Students negotiate difficult discussions with the help of faculty and administration



Kirsten Errik


Throughout this semester, Villanova students have been  faced with the challenge of engaging with each other about difficult national events and issues. This engagement has taken the form of protest, class discussion, community dialogue and posts on social media.

On Oct. 21, students took to The Oreo in protest of police brutality and in support of the Black Lives Matter movement

On Nov. 17, a Community Conversation was facilitated in the Villanova Room. Community conversations have occurred from Occupy Wall Street back in 2011, to Black Lives Matter in 2013 and most recently the Presidential Election. In every case there have been groups of students more involved on campus to promote issues of equality, justice and free speech. 

Additional faculty responses to incidents on campus have been out of support for students and to show the concern for their safety from violence and hate. In an email sent to faculty, Provost Maggitti encouraged faculty to use the classroom as a space to discuss pressing issues. Several professors took the opportunity to facilitate discussion in their classrooms. Communicationsprofessor Billie Murray,  Ph.D. believes that those interested in contributing to such discussions should be interested in inclusive language.

“The term ‘political correctness’ is an invention by people who are trying to push back on civil, ethical conversation” Murray said. “It’s a rhetorical term. Political correctness does not mean no free speech. It is to call people with respect and dignity. Language is always changing, the appropriateness of terms will change.”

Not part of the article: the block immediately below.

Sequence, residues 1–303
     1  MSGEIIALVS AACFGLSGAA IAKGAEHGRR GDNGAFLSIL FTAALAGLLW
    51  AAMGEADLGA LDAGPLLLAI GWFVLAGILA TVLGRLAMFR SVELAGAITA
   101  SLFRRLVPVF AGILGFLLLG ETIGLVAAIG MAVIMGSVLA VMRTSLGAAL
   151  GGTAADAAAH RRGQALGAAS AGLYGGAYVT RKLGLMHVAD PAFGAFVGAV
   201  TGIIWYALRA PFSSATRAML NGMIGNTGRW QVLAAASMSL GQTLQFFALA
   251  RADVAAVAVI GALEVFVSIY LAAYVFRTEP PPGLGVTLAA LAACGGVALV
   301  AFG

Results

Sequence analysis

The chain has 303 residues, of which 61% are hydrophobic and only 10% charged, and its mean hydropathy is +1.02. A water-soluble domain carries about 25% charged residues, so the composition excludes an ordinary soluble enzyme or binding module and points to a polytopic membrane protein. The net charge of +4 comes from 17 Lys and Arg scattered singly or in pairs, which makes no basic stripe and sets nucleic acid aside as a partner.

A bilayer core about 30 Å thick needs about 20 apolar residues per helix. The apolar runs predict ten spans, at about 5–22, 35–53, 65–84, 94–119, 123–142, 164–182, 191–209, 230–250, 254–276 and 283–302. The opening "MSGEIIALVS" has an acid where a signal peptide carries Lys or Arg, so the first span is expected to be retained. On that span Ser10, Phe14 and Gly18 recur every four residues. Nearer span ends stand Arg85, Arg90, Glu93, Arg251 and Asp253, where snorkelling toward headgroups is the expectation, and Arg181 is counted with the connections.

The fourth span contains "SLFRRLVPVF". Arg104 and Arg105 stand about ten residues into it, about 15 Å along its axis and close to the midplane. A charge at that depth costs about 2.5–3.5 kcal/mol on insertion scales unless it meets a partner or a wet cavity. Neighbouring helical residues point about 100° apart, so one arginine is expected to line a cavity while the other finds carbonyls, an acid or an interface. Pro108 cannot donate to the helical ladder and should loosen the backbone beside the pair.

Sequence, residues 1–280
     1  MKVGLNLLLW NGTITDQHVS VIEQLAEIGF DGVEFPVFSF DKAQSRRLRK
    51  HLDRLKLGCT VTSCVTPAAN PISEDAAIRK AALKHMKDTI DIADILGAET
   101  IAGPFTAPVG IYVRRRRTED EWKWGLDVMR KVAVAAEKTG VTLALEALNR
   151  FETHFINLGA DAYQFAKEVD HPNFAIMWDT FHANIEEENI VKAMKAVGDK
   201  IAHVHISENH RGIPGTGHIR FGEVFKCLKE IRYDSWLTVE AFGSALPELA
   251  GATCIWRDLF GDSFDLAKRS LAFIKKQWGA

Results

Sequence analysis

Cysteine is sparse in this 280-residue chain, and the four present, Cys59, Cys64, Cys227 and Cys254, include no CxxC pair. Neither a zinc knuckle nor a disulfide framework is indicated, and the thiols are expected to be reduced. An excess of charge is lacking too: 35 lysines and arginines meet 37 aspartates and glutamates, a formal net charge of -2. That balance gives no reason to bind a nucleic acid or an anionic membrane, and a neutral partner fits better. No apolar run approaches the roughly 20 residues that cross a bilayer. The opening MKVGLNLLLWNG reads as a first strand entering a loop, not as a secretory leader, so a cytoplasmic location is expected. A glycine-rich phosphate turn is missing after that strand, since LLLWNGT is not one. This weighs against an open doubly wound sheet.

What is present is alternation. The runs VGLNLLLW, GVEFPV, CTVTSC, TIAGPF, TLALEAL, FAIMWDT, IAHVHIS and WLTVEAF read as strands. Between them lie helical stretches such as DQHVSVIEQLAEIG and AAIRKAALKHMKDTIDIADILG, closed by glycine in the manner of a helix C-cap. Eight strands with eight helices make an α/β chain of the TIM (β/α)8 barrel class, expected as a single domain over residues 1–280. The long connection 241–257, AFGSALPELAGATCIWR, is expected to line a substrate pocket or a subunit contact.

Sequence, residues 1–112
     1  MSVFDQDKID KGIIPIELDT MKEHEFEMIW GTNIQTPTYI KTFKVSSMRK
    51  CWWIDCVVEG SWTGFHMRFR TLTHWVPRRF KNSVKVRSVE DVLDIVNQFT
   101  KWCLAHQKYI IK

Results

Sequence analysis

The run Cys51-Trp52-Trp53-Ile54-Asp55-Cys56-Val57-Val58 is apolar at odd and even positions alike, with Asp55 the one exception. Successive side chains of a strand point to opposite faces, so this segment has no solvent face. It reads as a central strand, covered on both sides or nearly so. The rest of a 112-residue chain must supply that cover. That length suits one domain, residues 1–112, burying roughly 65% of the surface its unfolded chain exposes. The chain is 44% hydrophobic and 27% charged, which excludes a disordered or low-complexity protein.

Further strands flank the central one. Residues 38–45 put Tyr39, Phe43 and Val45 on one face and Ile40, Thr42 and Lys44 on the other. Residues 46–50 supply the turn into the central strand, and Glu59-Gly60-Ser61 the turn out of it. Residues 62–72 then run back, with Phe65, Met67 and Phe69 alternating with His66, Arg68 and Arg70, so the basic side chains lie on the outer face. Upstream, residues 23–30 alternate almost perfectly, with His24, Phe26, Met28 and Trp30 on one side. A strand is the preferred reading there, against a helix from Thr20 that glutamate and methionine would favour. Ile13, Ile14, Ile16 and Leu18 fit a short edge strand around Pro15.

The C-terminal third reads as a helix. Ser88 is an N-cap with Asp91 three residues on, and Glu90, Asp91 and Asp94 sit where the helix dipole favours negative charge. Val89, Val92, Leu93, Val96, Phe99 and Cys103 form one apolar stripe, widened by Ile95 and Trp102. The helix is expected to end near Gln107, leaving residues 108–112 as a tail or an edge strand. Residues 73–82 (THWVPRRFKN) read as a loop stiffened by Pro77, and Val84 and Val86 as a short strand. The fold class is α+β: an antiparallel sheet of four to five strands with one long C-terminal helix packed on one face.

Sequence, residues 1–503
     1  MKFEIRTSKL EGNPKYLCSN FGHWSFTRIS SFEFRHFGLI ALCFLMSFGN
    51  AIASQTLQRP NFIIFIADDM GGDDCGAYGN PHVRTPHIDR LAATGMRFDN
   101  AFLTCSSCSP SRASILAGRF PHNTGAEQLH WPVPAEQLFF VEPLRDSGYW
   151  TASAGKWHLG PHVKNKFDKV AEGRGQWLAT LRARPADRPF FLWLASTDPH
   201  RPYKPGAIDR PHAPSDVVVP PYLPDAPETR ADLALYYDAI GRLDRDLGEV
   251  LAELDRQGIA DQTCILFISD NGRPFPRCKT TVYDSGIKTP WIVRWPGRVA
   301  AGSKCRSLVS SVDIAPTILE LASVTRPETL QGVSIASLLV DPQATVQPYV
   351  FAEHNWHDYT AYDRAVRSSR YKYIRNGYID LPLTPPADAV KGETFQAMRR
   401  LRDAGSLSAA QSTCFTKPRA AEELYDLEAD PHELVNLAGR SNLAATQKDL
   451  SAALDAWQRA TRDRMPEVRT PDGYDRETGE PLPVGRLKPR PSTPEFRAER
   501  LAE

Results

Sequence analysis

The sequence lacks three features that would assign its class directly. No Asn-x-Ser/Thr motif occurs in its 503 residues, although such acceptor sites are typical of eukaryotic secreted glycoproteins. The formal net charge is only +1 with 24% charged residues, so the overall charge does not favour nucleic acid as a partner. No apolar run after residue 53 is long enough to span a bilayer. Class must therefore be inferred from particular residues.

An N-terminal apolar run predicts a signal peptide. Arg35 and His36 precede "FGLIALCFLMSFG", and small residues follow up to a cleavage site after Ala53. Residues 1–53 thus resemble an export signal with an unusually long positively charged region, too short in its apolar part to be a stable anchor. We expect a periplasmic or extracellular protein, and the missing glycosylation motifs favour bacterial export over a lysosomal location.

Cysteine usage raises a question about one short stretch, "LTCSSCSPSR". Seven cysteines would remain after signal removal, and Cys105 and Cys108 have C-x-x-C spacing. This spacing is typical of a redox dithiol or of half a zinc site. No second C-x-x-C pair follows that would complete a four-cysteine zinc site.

Villanova is not the only college campus to negotiate this territory. There have been growing incidents of flag burning and subsequent protests across the country. On Nov., 9 a group of students at Hampshire College lowered the campus flag in reaction to the recent election, the following day, Nov. 10, the college allowed the flag to remain at half-staff and sometime overnight the flag was burned. On Nov. 26 and 27, a group of military veterans protested this event and asked for the college to put up a new flag. 

On Villanova’s campus, there have been messages of support and caring for one another, such as the sticky notes posted on the walls of SEPTA tunnel. The Communication Department has set up Garey Hall as a Communication Respect Zone, where free speech and respect go hand in hand. “As Communication Faculty, we are in a unique position to provide spaces for people with people who are trained in and understand the importance of dialogue,” Murray said. “This is the heart of communication, in order to facilitate change we need to communicate respectfully about these problems.”